Biden’s speech closed out a night that lurched awkwardly from segment to segment, room to room — and always without an audience. The convention’s deficiencies were obvious for everyone but a Washington Post theater critic. Even the master of ceremonies, actress Julia Louis-Dreyfus, opened her set with a joke that the first three nights had gone so well they were going to add a fifth.

The theme of tragedy and loss has dominated the convention’s effort to reintroduce Biden to the public, with Tuesday night revolving around it, and death and sadness still circling Thursday’s more triumphant, patriotic-toned videos and speeches. Beyond the story of his eldest son Beau’s death of cancer five years ago, a documentary-style remembrance of John Lewis delivered a touching moment, ending with a moving performance of “Glory” by pianist and singer John Legend, rapper Common, and a Gospel choir.

These 10 minutes were among the most flawless emotional peaks of the convention, drawing tragedy up into political resolve and a biblical, godly crusade for justice and the people — all to a great tune. Like so many moments, however, the DNC almost immediately squandered it.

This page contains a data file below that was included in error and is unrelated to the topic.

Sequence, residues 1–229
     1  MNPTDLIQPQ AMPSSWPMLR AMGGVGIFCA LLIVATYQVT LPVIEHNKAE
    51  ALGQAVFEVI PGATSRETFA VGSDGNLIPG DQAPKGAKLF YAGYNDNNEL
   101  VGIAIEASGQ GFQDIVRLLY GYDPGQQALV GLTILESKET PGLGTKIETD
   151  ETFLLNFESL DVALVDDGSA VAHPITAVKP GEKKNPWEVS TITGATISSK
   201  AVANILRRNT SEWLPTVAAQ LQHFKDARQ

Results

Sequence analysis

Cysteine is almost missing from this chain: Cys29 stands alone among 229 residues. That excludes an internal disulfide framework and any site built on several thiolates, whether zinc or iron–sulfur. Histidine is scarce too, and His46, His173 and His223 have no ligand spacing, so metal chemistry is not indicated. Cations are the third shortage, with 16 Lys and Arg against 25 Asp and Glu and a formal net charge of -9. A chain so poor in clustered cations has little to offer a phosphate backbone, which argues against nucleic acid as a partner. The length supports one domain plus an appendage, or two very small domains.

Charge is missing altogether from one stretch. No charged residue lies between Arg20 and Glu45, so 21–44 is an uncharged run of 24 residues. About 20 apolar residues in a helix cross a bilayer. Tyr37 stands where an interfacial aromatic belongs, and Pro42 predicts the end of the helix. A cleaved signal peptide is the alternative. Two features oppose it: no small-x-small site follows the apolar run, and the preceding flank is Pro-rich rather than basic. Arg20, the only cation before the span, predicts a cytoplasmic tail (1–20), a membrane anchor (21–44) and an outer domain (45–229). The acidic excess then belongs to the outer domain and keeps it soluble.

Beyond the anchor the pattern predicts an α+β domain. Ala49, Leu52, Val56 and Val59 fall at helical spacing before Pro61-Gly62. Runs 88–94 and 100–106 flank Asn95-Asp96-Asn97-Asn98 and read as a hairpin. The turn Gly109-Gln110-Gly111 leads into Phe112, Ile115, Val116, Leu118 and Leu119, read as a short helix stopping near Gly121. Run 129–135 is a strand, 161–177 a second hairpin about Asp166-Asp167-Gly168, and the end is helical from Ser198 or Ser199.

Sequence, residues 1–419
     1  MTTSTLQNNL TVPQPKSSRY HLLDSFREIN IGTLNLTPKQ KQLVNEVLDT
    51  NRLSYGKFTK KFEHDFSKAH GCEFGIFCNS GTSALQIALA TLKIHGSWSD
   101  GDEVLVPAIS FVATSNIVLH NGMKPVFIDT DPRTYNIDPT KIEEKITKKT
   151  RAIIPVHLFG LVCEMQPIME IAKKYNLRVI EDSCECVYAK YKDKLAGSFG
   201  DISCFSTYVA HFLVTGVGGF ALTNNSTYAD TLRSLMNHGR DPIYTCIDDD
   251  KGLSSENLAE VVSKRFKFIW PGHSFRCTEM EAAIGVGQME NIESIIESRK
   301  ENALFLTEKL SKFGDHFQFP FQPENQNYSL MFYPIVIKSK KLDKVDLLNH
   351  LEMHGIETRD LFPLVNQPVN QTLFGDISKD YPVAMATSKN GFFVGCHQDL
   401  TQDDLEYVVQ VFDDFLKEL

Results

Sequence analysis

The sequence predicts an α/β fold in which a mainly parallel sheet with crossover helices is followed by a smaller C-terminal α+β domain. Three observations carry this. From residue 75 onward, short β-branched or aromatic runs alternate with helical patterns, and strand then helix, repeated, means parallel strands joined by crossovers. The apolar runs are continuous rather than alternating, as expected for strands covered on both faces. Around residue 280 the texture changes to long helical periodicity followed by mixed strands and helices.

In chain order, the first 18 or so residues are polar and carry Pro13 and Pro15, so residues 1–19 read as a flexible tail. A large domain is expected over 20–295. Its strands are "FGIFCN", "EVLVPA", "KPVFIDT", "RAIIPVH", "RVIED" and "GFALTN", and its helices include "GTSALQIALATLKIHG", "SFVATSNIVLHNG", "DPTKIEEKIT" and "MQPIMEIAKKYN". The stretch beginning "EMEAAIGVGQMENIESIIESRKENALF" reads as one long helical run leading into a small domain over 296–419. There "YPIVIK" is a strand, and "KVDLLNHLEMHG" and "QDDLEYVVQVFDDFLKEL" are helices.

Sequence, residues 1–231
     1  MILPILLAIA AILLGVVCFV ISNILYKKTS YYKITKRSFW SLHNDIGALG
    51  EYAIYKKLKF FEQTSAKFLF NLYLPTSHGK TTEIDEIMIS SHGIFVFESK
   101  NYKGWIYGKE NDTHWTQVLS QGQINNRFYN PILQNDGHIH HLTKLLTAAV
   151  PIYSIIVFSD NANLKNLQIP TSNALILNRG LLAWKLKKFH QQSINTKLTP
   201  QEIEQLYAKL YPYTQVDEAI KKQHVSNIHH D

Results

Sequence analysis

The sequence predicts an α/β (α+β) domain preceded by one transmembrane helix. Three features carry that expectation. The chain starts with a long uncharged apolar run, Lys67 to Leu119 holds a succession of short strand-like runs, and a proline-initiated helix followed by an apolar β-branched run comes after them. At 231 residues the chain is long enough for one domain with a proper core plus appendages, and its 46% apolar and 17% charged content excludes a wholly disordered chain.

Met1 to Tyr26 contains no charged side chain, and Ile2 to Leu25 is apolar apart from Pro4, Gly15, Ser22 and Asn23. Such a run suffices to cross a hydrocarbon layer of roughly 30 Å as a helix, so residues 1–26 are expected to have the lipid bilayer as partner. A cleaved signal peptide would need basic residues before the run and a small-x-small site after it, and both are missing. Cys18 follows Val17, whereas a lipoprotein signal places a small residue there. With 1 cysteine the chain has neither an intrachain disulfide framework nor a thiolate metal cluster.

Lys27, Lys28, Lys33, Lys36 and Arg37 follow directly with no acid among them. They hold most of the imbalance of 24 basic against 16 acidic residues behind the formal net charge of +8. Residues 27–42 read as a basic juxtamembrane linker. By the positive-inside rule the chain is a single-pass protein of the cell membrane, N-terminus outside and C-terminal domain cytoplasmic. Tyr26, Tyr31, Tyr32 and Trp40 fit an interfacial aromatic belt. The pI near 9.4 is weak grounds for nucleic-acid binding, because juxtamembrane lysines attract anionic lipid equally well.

“Wow, that was so beautiful, ” Louis-Dreyfus followed up with the tone you might use with a child showing you a bowl of Cheerios for the fifth time that morning. “Wow,” she repeated for good measure before launching into a repeat of a joke about mispronouncing Vice President’s Mike Pence’s name (because mispronouncing “Kamala” is racist now) and one about Trump cheating at golf. There was no one in the audience, so no one laughed, and for the following eight minutes we were subjected to Jon Meacham, who most people don’t recognize, talking about our souls.

After Jon, Rep. Deb Haaland came on the screen. She told us about her “people, the Pueblo people,” and drew on her mother’s military service. No one knows who she is either, but when a San Felipe Pueblo Indian family with 60 years of military service in just two generations asked her to help them bury Master Sgt. Joseph Velasquez with the honors he deserved during COVID, Haaland ignored her constituents. The congresswoman did, however, find the time during Covid-19 to attend George Floyd’s funeral — and to represent military service and the Pueblo people during a DNC speech.